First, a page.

By Wayne D. Garris Jr., J.D.
The high school teacher’s problems began when she was placed on an improvement plan after failing to provide necessary accommodations for a special needs student, but she claimed she was never informed of the student’s IEP.
Affirming summary judgment for a Texas school district, the Fifth Circuit held a high school teacher failed to show that she was subjected to any adverse actions, which was ultimately fatal to her discrimination claims. While her placement on an improvement plan could damage her future career prospects, the plan did not change the terms of her employment and was not considered a disciplinary action. Other incidents that the teacher raised were mere annoyances and inadvertent slights that were not actionable adverse employment actions (Welsh v. Fort Bend Independent School, October 30, 2019, Higginson, S.).
Background. The high school aquatic science teacher filed an EEOC charge alleging discrimination based on national origin, sex, and age, and retaliation. After a complicated procedural history, a district court reached the merits of her claims and granted summary judgment to the school district, finding that the teacher did not suffer any adverse actions. The teacher appealed.
TINA Plan. The teacher alleged that the first incident of discrimination occurred when she was placed on a Teacher in Need of Assistance (TINA) plan for failing to properly document a special education student’s accommodation needs after the student’s parents complained. The teacher claimed that she never received notice of the student’s IEP and therefore need for accommodations. The TINA Plan required the teacher to attend training, which she completed in one month. The employer noted her completion of the TINA in the teacher’s annual review, but the teacher filed a grievance, which was denied, requesting that the reference to the TINA be removed.
Letter of recommendation. In addition, the teacher alleged that she requested a recommendation letter from the school principal during a conversation in the hallway and followed up with a written request, but the principal never provided the letter or otherwise responded to the teacher’s request, which the teacher contended was intentional, discriminatory, and retaliatory.
Humiliation. Part of the teacher’s job duties as an aquatic science teacher were to maintain 14 to 15 tanks of fish in her classroom. The teacher alleged that an associate principal told her, in front of her colleagues, “you need to take care of your fish,” which the teacher characterized as an attempt to humiliate her by criticizing her work ethic.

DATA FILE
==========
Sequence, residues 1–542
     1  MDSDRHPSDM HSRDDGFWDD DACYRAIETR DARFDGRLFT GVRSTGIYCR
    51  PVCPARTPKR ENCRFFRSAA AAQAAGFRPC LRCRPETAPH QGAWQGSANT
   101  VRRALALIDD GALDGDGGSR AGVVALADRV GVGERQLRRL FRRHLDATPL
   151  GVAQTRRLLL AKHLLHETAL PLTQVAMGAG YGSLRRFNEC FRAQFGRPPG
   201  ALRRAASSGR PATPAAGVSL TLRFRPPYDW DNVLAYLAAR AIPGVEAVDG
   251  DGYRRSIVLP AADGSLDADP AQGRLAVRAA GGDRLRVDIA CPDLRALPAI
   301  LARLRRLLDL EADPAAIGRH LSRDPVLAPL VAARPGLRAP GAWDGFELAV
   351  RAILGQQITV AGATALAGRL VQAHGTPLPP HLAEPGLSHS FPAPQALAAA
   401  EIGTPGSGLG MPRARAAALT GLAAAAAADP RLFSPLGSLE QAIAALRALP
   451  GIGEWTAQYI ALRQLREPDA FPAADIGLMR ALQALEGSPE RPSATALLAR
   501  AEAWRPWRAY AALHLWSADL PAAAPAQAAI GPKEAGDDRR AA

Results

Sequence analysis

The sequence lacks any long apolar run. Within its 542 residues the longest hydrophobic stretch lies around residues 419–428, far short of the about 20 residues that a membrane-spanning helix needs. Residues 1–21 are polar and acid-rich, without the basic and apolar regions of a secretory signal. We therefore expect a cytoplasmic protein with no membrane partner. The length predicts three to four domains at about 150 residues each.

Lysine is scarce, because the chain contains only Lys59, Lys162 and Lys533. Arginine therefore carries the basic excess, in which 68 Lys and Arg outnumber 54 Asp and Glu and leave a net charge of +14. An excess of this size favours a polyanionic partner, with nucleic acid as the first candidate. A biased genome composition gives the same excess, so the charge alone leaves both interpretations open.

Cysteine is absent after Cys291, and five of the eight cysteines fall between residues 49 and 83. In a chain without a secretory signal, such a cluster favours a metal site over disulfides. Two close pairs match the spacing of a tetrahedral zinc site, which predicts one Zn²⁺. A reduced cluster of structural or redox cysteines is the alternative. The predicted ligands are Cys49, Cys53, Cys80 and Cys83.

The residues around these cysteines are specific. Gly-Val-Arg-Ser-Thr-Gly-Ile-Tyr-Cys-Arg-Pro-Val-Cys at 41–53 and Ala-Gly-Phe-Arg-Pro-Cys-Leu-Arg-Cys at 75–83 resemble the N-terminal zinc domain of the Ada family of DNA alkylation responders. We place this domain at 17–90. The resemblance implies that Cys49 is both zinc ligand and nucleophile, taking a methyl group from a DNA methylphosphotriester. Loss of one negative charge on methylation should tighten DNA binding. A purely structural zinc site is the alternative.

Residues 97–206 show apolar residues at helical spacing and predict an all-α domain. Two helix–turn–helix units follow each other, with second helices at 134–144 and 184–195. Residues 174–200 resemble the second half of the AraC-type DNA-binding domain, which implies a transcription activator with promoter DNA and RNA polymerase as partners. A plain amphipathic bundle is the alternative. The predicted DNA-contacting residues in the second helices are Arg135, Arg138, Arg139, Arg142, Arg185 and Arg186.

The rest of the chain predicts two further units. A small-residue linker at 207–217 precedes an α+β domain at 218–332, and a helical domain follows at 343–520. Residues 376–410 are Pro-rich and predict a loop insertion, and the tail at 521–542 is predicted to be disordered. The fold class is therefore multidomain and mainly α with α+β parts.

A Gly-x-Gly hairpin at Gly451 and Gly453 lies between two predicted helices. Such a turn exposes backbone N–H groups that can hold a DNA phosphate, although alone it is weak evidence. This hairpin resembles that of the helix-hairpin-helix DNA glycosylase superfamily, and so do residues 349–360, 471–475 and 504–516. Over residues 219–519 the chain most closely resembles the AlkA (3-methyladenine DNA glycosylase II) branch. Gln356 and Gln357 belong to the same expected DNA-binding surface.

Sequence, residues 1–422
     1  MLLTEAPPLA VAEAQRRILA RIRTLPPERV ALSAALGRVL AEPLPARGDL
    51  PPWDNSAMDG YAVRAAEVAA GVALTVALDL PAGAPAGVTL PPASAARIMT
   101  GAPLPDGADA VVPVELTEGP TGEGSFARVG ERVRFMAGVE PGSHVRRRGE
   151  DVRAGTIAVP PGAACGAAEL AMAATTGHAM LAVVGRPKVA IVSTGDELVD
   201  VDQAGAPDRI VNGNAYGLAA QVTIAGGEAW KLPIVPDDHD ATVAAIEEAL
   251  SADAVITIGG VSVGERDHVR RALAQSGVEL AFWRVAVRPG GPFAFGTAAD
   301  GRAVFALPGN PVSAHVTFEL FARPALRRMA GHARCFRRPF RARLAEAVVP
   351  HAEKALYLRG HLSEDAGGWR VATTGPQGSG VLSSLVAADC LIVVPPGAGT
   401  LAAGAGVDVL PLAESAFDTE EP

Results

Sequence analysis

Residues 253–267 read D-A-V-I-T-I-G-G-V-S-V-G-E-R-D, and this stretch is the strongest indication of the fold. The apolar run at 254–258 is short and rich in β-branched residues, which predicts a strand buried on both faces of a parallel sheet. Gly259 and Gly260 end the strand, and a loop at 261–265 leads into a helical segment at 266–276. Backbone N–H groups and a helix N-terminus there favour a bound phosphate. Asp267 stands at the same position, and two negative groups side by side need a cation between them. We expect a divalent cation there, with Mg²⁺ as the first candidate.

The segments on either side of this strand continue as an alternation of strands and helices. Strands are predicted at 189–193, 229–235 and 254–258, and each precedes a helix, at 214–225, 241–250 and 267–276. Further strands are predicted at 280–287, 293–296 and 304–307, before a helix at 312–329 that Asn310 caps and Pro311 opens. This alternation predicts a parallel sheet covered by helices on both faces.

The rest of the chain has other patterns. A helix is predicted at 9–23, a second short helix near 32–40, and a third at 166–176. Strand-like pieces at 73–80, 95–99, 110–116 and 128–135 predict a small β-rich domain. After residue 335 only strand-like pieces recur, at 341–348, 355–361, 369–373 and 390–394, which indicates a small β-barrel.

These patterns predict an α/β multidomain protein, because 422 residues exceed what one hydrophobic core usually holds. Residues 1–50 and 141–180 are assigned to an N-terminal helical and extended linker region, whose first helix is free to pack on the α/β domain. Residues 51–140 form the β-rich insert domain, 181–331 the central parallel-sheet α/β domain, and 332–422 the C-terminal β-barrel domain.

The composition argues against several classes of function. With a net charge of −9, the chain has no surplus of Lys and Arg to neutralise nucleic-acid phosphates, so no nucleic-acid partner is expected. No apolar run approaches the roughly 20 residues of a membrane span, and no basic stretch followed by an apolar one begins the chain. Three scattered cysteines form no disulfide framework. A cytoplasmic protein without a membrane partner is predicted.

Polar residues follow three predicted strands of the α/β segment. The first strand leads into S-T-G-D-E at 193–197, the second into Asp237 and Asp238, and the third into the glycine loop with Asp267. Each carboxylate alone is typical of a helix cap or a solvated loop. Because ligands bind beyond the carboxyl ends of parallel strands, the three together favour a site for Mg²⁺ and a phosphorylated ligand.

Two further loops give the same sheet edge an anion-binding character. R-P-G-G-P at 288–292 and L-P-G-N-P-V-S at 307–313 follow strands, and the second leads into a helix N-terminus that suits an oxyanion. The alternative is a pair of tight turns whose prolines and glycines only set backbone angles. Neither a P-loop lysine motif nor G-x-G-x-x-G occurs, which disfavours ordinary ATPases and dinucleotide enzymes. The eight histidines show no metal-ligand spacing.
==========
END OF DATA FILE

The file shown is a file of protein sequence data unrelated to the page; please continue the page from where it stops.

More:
Adverse action. Granting summary judgment on the teacher’s discrimination claim, the court concluded the teacher was never subjected to an adverse action. The TINA Plan was simply a “growth plan that sought to improve upon her weaknesses.” Further, the Fifth Circuit has previously held that placement on an improvement plan is not an adverse action, so even if the TINA was considered a marker of poor performance, it would not be actionable. Lastly, the TINA did not result in any change in her job duties, title, hours, salary, or benefits.
Recommendation letter. Failure to provide a recommendation letter also was not an adverse action. The teacher attempted to argue that recommendation letters are necessary for advancement and that the principal intentionally refused to respond to her request. The court dismissed this argument as speculative, noting that the lack of response could have also been an inadvertent oversight.
Retaliation. Turning to the teacher’s retaliation claim, the court declined to decide whether the TINA plan was retaliatory; there was no causal connection because 19 months had passed between the teacher’s protected activity and the employer placing her on the TINA plan.
Additional allegations of retaliation. Relying on its analysis of the discrimination claim, the court reiterated that the failure to respond to the teacher’s recommendation letter request, the vice principal’s command that the teacher feed her fish, and the refusal to remove the TINA plan from her personnel file were not adverse actions for purposes of her retaliation claim either.
Changing curriculum. In her appeal, the teacher alleged, for the first time, that the employer changed her curriculum and assigned her to classes with special needs students in retaliation for her EEOC charge. The teacher forfeited this argument, but the court noted that curriculum changes are a “reality of being a teacher” and the teacher provided no explanation as to why working with special needs students is an adverse action.
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